Before making a mess with caulk, I made sure the cage was going to fit on both parts.

Room for two

Room for two

Two legs just about ready to go

Two legs just about ready to go

Once again, I caulk every open space I could see and some I couldn’t, plus the wire to to the bottle and the tape . . .  I kind of like caulking.

When that caulk dried, I taped it all up.  While this mess was going on I was thinking and thinking about how these were going to be sturdy and held into place.  I figured a board with two holes drilled in it would fit over the top lid parts.  I figured a little wrongly.

Dropped drawers and more support needed

Dropped drawers and more support needed

So, the board alone wasn’t enough to keep it steady. So I added a rebar down each leg and taped it. Still wobbly so I added some wire to cage it all in place. Still not great, but getting there. Hey, I still have some caulk left!  I didn’t take pics of ever step here because I was wresting with about 48 pounds of wobbliness.  NEXT time, rebar and secure that rebar to each leg before trying to get them together.  Caulking around that cage through the legs wasn’t as much fun as I’d hoped, but it got done.

Different angle of the rebar and support cage

Different angle of the rebar and support cage

Caulking mess

Caulking mess

Okay so the day was getting long and my patience was getting short so no photos of the next bit, sorry.  I pulled up those pants and tried to fit different plant pots in there. Nothing fit right. The pots were too tall and not wide enough or they seemed very unbalanced. So, I used some more flexible chicken wire and just “sewed” it onto the wire that was already there and kind of made a basket in the butt area with a little tummy room.  Then I used that basket type stuff that you put in hanging planters (I have got to learn what that’s called) and stuffed it in there and added dirt and plants. DONE.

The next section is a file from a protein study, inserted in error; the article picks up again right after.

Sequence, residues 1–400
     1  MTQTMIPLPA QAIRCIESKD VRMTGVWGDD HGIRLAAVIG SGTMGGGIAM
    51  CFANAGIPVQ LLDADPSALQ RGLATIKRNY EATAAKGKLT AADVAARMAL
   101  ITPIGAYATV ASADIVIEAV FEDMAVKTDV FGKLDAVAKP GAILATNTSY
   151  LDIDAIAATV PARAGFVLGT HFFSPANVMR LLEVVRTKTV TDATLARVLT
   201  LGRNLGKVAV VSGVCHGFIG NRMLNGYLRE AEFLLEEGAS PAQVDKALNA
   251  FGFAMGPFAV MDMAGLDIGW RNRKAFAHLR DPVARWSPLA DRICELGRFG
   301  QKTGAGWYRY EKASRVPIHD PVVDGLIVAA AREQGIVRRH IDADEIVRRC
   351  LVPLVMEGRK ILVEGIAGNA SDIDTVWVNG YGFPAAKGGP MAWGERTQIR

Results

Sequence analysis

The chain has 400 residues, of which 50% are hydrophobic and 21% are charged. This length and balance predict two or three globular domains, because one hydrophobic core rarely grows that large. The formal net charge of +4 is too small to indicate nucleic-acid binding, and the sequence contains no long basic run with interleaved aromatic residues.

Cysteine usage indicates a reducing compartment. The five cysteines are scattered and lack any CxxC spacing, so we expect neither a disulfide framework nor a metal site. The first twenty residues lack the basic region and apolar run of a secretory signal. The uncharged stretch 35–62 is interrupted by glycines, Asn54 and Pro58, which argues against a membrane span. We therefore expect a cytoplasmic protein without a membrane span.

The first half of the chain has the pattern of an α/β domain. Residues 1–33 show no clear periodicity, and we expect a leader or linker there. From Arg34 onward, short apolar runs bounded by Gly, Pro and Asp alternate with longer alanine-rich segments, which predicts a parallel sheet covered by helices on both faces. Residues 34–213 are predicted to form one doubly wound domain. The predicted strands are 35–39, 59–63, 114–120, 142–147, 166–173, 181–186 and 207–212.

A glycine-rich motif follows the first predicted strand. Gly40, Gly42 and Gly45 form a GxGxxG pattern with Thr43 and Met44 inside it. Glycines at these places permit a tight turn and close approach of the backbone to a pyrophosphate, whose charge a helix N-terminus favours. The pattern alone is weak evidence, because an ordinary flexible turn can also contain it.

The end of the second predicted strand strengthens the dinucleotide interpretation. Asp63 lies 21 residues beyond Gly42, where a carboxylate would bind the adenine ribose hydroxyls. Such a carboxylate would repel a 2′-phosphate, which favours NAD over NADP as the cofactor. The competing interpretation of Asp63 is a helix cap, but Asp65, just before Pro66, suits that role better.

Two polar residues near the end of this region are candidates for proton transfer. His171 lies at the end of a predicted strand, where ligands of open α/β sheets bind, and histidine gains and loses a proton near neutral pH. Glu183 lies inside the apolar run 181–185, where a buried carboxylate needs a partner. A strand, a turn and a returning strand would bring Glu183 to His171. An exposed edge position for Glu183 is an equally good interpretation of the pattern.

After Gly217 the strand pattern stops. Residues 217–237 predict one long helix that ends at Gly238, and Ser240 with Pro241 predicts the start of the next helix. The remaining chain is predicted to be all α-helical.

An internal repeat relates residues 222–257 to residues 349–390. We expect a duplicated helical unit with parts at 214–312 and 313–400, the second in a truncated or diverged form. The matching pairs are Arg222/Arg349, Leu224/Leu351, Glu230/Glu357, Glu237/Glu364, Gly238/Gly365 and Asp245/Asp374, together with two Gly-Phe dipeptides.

I put a lot of dirt in one front pocket and put a plant in there, but it’s not doing too well, but the ones in the pants are are doing fine. When I water them, it does look like somebody “wet their pants.”  Also, as I’m walking around and doing things, I catch those pants in the corner of my eye and startle myself. So, I think they will also work as added security if anyone ever busts in over my fence.

Hanging out

Hanging out

In this picture, it looks like it’s leaning against the wall, but it’s not. It is fully standing on its own. So far, my dog hasn’t raised his leg to the leg so I think it’s going to be just fine.  I see there’s room for more . . .

P.S.  In looking this over, I forgot to talk about the FEET. Yeah, well, I was going to put boots on the bottom but the pair I had donated for this were just too small and not steady enough. I even cut down the backs and they were still too small (size 6 ladies). So, I glued the backs back together and used it for another project and I’ll be on the look out for larger old boots that don’t cost much of anything. For now I just pretend that my torso-less friend has her feet buried in the dirt like she’s at the beach or something.

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One thought on “Blue Jean Planter

  1. thanks for the details.. think I will start off with children clothing since that;s what I have and maybe the simplest to work with.!!!